And don't think it can't happen. Take a look at whistle-blower laws. They provide legal prohibitions against retaliation taken by government or employers against an employee for revealing abuses of power or other criminal acts.

Problem is - it isn't enforced worth a damn any more.

And people don't really seem to care.

So guess what happens any time some employee goes to the government with information about their company or agency that leads to criminal prosecution and conviction?

The employee almost always gets fired, demoted, transferred, or harassed out of a job. And often gets openly blacklisted by their former employer as much as is practically possible.  And sometimes gets a civil suit or other bogus legal action filed against them. On rare occasions, some have even been found dead under circumstances that merit a much more thorough investigation - or sometimes even just an investigation - than most receive. Truly amazing the number of suicides and single -person/no-witness driving off deserted road accidents experienced by high profile whistle-blowers. Especially government whistle-blowers.

Either way, retaliation is the name of the game.

Illegal?

You bet!

Anybody seem to feel the need to do anything about it?

Nope!

Why?

Because people seem to go along with the usual spin that gets put on whistle-blowing by those who got caught, which is: "These people should have gone to their managers (note: many tried that unsuccessfully btw) and got matters resolved internally. Anybody who tells tales out of school is nothing but a traitor to their employer and coworkers."

Such is the danger of saying *meh*  :)


J-Mac

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Re: Google: Do no evil (once you're caught)
« Reply #10 on: February 20, 2012, 12:20:01 PM »
Am I the only person here who looks at this and says...."So what?"

Well, I can almost say "So what?", but two things stop me:

  • First, according to Cory on BoingBoing, this has caused some of his information that he doesn’t want found in search results to show up there. That probably isn't a "So what?" thing to anyone in that situation! Should definitely be fixed, though Google most likely doesn’t consider that broke at all.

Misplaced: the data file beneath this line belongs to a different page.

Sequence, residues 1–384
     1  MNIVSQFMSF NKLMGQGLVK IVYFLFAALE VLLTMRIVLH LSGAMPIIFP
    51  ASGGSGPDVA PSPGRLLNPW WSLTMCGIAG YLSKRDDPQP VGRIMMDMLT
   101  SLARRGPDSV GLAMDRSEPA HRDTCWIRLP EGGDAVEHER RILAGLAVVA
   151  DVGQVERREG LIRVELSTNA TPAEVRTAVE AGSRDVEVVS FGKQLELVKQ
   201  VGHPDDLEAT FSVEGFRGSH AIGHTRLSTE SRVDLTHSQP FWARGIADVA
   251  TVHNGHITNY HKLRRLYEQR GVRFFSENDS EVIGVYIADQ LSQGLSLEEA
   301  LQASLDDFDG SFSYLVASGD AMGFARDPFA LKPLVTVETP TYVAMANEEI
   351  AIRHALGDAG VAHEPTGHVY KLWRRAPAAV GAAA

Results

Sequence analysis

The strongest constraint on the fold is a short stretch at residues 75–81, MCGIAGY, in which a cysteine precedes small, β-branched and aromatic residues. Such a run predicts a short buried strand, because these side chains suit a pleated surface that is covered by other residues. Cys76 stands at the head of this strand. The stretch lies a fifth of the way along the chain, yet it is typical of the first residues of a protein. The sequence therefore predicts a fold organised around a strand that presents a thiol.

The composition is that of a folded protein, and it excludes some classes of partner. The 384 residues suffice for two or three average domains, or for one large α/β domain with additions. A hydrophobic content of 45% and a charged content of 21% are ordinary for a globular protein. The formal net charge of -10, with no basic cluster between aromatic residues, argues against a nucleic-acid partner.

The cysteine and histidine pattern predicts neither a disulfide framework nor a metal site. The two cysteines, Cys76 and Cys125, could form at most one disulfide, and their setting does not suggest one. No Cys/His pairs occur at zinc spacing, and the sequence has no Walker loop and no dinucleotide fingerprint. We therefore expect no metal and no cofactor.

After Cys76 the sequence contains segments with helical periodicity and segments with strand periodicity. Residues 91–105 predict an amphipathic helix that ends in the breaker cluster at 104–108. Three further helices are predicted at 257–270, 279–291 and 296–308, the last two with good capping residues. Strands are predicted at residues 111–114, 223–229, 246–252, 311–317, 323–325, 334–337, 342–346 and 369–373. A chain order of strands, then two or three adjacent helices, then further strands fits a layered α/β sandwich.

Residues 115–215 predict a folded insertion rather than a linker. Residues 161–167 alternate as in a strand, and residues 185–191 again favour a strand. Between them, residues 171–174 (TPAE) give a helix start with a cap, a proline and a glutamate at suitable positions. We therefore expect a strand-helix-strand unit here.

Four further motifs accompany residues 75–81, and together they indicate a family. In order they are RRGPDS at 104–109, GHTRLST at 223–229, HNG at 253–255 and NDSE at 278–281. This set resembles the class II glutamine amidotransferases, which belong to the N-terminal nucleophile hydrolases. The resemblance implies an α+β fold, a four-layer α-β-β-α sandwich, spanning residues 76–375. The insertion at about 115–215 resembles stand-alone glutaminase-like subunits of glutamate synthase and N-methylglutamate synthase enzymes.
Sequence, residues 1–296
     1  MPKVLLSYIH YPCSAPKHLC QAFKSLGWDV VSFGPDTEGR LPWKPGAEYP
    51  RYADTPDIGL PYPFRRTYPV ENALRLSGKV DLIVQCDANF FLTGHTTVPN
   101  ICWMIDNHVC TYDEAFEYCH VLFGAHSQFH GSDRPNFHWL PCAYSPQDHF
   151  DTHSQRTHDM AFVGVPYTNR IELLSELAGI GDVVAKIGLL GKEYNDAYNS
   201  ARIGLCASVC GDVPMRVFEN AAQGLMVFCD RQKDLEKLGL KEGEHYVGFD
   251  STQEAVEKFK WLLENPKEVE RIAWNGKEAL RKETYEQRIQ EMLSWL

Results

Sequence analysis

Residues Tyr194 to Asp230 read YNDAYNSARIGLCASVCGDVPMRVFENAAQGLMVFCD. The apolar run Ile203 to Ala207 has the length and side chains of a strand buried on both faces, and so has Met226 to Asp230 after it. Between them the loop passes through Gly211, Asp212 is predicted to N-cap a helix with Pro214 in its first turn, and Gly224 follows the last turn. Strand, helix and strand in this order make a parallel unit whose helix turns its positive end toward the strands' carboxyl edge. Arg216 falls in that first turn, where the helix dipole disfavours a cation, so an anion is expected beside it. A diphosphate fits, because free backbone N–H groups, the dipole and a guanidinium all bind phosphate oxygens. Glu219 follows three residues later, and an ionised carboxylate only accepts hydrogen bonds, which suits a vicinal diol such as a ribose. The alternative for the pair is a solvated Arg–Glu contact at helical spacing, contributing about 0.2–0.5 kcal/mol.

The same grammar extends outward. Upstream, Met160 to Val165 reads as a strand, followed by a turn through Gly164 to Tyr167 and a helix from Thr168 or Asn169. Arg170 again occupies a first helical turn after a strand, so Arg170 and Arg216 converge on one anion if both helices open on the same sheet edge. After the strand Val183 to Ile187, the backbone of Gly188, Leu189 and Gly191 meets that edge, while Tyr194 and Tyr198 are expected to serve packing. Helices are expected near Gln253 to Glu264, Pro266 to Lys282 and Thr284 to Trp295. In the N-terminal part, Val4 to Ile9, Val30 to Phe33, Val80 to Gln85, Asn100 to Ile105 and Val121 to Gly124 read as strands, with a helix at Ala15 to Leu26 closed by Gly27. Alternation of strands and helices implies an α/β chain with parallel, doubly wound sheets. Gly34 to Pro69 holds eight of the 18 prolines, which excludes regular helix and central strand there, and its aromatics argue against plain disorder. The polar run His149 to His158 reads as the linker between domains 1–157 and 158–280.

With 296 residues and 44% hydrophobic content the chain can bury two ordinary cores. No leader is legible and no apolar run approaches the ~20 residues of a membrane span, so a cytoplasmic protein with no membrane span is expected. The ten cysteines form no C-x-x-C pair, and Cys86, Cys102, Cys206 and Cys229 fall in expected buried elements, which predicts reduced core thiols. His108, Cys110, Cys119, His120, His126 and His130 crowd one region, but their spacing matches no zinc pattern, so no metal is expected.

• Any time the company running the search engine - check that... the largest, most used search engine in the world - manipulates the search results in order to benefit themselves, I don’t think that can be good either.

Other than that.... "So what?"   :)

Jim

zridling

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Re: Google: Do no evil (once you're caught)
« Reply #11 on: February 20, 2012, 02:23:05 PM »
For me, the surprise is the expectation of privacy at this point. Using acts like SOPA, PIPA, ACTA, DMCA, etc., both political parties in Washington have deep-pocketed interests in controlling the internet for corporations and regulated by the FCC. This way, we get back to the AOL/Compuserve days of the internet where -- like radio and TV -- where the only way it will be any good is if you have to pay for every little thing that's worth seeing.
1welcome-to21st-century-america.jpg
Right now, Google, Facebook, Twitter, Microsoft, and Apple (among a few others) are determined to erect walls around their corner of the net. Congress will keep sending SOPA clones to the floor until they get one through, and then they'll "amend" the law year after year after that until the internet is just as crappy as everything else we find. Obama has already set in motion the Internet ID [PDF] idea, where law enforcement has first dibs on your ID, your location, what you're viewing, where you go, who you like, etc. It's already extremely difficult surf the web anonymously using various methods. Tin foil hat? You can fit me for one. And if you don't agree to hand your "right" to privacy (long gone), then you'll be labeled someone who aids and abets terrorists and pedophiles.